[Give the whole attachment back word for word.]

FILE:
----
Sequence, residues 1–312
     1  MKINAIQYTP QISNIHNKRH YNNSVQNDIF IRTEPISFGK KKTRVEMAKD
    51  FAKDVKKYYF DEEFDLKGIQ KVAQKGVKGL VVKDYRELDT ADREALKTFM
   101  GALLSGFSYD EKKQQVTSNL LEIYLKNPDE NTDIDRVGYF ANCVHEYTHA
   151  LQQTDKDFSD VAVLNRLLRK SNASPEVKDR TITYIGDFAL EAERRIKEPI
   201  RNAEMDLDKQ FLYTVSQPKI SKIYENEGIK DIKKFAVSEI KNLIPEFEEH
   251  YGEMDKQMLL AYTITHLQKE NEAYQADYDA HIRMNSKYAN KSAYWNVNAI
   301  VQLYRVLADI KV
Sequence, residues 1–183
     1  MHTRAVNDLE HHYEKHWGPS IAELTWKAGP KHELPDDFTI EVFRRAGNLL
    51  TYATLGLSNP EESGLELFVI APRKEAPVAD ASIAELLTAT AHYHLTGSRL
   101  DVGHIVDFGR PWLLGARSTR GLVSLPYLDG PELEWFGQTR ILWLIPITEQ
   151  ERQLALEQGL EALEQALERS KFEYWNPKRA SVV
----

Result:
Sequence, residues 1–312
     1  MKINAIQYTP QISNIHNKRH YNNSVQNDIF IRTEPISFGK KKTRVEMAKD
    51  FAKDVKKYYF DEEFDLKGIQ KVAQKGVKGL VVKDYRELDT ADREALKTFM
   101  GALLSGFSYD EKKQQVTSNL LEIYLKNPDE NTDIDRVGYF ANCVHEYTHA
   151  LQQTDKDFSD VAVLNRLLRK SNASPEVKDR TITYIGDFAL EAERRIKEPI
   201  RNAEMDLDKQ FLYTVSQPKI SKIYENEGIK DIKKFAVSEI KNLIPEFEEH
   251  YGEMDKQMLL AYTITHLQKE NEAYQADYDA HIRMNSKYAN KSAYWNVNAI
   301  VQLYRVLADI KV
Sequence, residues 1–183
     1  MHTRAVNDLE HHYEKHWGPS IAELTWKAGP KHELPDDFTI EVFRRAGNLL
    51  TYATLGLSNP EESGLELFVI APRKEAPVAD ASIAELLTAT AHYHLTGSRL
   101  DVGHIVDFGR PWLLGARSTR GLVSLPYLDG PELEWFGQTR ILWLIPITEQ
   151  ERQLALEQGL EALEQALERS KFEYWNPKRA SVV